Blood and breath tests are often used in DUI investigations to determine blood alcohol concentration (BAC) or the amount of drugs in a driver's system. Passing one of these tests could lead to exoneration, while failing could help the prosecution prove a DUI in court.
Michigan's "implied consent" law states that any person who has been arrested for an intoxicated driving offense is deemed to have consented to a breath or blood test. If a person withdraws this implied consent—by refusing to test—the officer cannot forcibly administer a test without a court order. But an unlawful refusal carries certain consequences.
License suspension. Drivers who refuse to submit to a lawfully requested blood or breath test face a one-year license suspension. Any subsequent test refusal within seven years will result in a two-year license suspension.
Restricted license. Persons who refuse chemical testing are not eligible for the restricted license (which permits the person to drive with an ignition interlock device during the suspension) normally available to those convicted of intoxicated driving offenses.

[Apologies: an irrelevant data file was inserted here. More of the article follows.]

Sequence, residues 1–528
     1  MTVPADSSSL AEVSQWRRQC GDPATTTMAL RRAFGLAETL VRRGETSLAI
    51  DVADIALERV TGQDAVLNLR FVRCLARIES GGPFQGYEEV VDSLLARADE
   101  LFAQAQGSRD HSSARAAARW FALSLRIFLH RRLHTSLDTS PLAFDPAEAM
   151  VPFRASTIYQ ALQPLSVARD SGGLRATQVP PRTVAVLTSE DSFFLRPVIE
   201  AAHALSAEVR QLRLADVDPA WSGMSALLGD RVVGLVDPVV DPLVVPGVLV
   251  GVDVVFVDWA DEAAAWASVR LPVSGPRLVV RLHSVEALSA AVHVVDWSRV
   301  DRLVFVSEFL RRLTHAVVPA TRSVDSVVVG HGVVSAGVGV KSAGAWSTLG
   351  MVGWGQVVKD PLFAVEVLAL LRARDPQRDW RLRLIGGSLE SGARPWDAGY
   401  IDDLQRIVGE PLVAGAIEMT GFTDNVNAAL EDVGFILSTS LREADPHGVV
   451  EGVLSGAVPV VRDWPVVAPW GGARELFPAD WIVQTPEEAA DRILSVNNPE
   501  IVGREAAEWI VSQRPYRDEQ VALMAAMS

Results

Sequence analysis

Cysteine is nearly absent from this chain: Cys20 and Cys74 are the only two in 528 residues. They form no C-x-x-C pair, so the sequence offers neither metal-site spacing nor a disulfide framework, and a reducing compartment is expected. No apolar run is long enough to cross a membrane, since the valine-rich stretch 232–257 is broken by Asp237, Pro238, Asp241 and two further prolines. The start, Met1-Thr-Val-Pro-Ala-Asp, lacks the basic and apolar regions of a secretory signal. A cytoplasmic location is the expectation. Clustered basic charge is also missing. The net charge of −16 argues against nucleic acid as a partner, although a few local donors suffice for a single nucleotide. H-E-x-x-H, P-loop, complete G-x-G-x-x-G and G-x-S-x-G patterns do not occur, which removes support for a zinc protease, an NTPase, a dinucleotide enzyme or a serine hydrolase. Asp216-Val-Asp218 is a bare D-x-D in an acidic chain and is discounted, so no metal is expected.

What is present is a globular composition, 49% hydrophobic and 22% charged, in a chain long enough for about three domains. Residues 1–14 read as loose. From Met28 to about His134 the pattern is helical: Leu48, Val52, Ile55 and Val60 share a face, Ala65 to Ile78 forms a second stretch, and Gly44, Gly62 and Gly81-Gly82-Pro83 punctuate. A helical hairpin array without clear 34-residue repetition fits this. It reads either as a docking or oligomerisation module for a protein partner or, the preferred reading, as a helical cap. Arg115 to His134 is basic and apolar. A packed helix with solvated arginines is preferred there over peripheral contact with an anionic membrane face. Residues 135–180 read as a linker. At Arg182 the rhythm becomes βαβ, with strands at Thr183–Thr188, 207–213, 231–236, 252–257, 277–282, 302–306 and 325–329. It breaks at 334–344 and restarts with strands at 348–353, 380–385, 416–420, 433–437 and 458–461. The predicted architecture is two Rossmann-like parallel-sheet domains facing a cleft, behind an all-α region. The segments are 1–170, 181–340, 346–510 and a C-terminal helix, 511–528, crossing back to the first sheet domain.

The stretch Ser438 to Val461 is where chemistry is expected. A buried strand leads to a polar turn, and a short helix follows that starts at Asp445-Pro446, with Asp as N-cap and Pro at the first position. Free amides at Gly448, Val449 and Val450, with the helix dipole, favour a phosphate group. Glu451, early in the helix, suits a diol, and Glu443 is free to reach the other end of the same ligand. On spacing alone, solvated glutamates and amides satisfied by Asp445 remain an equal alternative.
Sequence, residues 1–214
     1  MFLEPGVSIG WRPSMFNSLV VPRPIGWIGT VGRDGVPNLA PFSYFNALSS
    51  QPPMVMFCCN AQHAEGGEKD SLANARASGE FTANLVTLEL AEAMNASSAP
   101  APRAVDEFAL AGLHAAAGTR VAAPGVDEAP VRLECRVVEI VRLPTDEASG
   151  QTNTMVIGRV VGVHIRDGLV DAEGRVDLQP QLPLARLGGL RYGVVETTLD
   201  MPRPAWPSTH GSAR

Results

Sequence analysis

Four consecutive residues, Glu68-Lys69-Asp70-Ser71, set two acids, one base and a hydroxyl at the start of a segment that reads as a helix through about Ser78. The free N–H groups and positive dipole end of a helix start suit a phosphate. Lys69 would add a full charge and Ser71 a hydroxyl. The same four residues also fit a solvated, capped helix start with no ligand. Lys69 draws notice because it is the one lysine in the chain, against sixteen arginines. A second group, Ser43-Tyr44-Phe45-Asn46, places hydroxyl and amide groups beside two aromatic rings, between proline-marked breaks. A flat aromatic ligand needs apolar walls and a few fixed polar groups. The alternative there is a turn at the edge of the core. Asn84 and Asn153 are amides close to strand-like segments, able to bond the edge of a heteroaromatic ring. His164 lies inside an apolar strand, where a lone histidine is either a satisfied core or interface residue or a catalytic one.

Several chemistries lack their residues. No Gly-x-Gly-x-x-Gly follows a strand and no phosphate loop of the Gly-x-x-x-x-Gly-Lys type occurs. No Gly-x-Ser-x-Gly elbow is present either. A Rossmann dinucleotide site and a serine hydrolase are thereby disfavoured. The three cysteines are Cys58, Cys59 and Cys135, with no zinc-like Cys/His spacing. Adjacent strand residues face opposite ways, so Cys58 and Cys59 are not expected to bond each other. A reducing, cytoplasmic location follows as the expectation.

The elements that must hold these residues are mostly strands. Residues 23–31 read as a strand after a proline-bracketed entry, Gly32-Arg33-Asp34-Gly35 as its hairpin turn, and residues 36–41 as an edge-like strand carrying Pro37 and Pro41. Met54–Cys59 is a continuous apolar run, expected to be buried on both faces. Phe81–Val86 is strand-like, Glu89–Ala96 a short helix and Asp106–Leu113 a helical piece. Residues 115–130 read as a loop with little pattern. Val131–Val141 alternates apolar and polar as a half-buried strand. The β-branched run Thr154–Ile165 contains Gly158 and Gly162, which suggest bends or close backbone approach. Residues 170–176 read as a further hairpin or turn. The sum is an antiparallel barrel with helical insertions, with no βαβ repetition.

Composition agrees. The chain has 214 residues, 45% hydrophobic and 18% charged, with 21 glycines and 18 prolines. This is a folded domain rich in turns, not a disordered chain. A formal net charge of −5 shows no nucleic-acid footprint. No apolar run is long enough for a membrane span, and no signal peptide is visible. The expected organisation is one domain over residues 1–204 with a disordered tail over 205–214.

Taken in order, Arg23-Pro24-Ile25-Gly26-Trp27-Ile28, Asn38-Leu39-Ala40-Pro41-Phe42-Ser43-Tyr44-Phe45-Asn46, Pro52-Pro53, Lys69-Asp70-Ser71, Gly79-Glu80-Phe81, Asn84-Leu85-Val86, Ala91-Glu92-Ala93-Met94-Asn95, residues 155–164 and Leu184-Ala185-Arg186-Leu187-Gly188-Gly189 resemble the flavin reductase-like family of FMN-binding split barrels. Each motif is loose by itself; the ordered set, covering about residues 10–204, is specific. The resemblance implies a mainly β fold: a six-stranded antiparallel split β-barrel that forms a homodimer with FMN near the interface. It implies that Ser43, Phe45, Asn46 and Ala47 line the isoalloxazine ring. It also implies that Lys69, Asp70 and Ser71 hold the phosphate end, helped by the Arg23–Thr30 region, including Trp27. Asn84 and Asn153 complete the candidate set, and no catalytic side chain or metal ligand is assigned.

Evidentiary uses. Chemical test results are often used in OWI (operating while intoxicated) trials, but prosecutors can rely on other evidence to prove intoxication. The fact that a driver refused to submit to testing can be used against him or her at trial. Refusal doesn't directly prove intoxication but can indicate consciousness of guilt. So, even if a person refuses testing, an OWI conviction is still possible.
The decision to submit to or refuse chemical testing can have serious consequences. While a person normally won't have the opportunity to consult with legal counsel prior to making this decision, a qualified DUI attorney can assist in handling the repercussions of your decision. If you've been arrested for driving under the influence, get in touch with an experienced DUI as soon as possible.